People who make corporate employment decisions are now under the microscope of the US Department of Justice Antitrust Division (DOJ) and the Federal Trade Commission (FTC), according to the newly issued “Antitrust Guidance for Human Resource Professionals” (“Guidance”) Published on October 20, 2016, the Guidance makes clear that the DOJ will now pursue criminal charges where it can for antitrust violations in the employment marketplace. The Guidance is part of a larger attempt by the Obama administration to crackdown on allegedly abusive employment practices, and it remains to be seen how aggressive the incoming Trump administration will be in taking up this agenda.
Drawing on the agencies’ enforcement history in this area, which principally grew out of cases involving Silicon Valley companies, the Guidance focuses on no-poaching and wage-fixing agreements and states that such agreements may be actionable civilly by either agency or by third parties (which could result in treble damages). But the main point of the Guidance is to convey the threat by the agencies of criminal prosecution for particularly egregious, cartel-like agreements not to compete for labor. And because of this threat, the Guidance also is a clear invitation for whistleblowers to report any potential violations to the agencies.
The Guidance reminds companies of the pitfalls of sharing competitively sensitive information—such as wages and the terms and conditions of employment—with competitors in the same labor market. While information sharing may be appropriate in certain circumstances, such as in joint ventures or in merger or transactional due diligence, the Guidance reiterates the principle stated in the agencies’ “Statements of Antitrust Policy in Health Care” that information sharing regarding employment issues should take place only in limited circumstances with appropriate precautions implemented.
Finally, the Guidance should not be read in a vacuum. On Tuesday, October 25, 2016, the Obama administration announced that, in addition to the newly issued DOJ and FTC Guidance, the White House is calling on all states to ban non-compete agreements for certain types of workers and enact employment contract protections for all workers. While three states—California, North Dakota, and Oklahoma—currently ban non-compete agreements, and 26 other states have laws that govern non-compete agreements, enforcement of these statutes has been inconsistent.
It remains to be seen whether President-elect Trump will continue the Obama administration’s efforts in this area. We can expect the new administration to review aspects of antitrust enforcement during the Obama administration and to be more lenient in certain areas, such as merger challenges. However, historically, Republicans have been at least as aggressive as Democrats regarding cartel enforcement. And agreements that prevent the free market from operating have been a high priority for Republicans. So, the next administration may remain focused on challenging agreements that may adversely impact labor issues. But the Trump administration also may want to reduce regulations on businesses, which could be inconsistent with supporting restrictions on employment noncompete agreements. Regardless of the level of attention by the Trump administration on these issues, companies are still on notice that the agencies may challenge, whether civilly or criminally, any alleged abuses in this area. As such, companies should take precautions to ensure that they or their employees do not run afoul of this new Guidance.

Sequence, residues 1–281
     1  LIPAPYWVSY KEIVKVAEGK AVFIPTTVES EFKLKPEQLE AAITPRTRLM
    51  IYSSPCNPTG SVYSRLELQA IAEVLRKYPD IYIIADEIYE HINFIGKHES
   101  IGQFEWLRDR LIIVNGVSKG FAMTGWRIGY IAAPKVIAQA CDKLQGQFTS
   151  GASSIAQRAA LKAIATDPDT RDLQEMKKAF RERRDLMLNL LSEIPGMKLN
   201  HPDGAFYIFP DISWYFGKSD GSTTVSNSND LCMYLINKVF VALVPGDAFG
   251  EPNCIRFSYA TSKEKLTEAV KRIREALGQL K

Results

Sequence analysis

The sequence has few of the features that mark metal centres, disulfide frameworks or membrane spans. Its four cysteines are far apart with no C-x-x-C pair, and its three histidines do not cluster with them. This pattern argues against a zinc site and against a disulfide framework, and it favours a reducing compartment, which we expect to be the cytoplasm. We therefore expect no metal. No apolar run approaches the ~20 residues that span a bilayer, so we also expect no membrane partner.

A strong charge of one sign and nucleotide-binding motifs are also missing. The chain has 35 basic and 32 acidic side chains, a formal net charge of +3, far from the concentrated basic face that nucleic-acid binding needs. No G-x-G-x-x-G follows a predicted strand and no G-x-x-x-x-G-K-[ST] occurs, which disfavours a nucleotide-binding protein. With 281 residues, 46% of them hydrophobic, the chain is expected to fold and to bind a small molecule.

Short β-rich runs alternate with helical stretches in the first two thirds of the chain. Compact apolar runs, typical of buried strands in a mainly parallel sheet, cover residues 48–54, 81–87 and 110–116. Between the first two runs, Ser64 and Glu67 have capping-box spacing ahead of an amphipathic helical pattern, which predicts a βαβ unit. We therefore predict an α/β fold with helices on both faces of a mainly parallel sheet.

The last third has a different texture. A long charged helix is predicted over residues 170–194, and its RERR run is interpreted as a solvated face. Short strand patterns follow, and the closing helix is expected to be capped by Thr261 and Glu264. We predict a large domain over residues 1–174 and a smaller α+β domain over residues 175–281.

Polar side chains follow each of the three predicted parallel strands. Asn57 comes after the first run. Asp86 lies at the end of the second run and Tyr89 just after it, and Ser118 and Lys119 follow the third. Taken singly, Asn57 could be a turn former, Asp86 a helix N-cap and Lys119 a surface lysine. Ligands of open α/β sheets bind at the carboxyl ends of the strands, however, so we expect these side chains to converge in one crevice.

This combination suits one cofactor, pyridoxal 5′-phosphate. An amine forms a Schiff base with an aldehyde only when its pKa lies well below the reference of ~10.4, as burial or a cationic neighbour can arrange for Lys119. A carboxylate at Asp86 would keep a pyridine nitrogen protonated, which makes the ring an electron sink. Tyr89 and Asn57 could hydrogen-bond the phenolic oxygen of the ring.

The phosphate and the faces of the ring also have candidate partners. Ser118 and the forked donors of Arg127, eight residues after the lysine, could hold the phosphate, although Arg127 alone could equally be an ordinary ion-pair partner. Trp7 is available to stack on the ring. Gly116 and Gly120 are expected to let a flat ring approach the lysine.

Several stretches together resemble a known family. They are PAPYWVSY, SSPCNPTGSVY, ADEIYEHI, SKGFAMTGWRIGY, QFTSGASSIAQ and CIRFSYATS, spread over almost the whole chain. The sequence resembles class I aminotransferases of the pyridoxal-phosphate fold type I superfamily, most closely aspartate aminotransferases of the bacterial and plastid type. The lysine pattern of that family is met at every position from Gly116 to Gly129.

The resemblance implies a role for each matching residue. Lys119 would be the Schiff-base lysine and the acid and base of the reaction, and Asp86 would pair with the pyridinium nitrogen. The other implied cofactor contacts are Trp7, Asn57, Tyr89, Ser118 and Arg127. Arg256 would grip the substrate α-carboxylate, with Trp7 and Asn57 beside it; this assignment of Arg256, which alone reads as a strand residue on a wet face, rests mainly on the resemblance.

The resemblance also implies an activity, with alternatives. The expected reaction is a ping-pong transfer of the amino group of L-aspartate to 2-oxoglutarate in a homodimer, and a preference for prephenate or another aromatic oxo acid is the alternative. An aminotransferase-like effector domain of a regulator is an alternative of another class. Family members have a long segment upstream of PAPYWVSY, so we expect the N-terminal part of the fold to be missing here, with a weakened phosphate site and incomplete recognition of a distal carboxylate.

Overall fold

Takeaways for Companies and Human Resource Professionals
This new Guidance from the DOJ and FTC provides important lessons for companies and, in particular, human resource professionals:
- The DOJ and FTC clearly are looking for new cases in this area, including cases that could be the subject of criminal prosecution. Companies should take precautions, such as via compliance programs and additional antitrust training, to ensure their employees are not engaging in conduct that may be contrary to this Guidance.
In particular, the DOJ and FTC are now focused on human resource professionals as a source of potential antitrust misconduct. Companies should consider implementing antitrust compliance programs for human resource professionals that address the issues contained in the Guidance. Such programs could be as simple as explaining to human resource professionals not to discuss wages or benefits with anyone outside of the company or potential new hires.
Actionable wage-fixing agreements can involve more than just salaries. Companies should not engage in discussions with competitors in the labor market regarding other types of employment benefits, even benefits that presumably are innocuous, such as gym memberships or vacation days.
Companies should be cautious about information exchanges regarding employment issues, particularly in the context of merger or transactional due diligence, where this information previously may have been exchanged more freely. Employment contracts or employment data should be exchanged only when necessary and only with persons who are not in a position to make employment-related decisions at the company conducting the due diligence.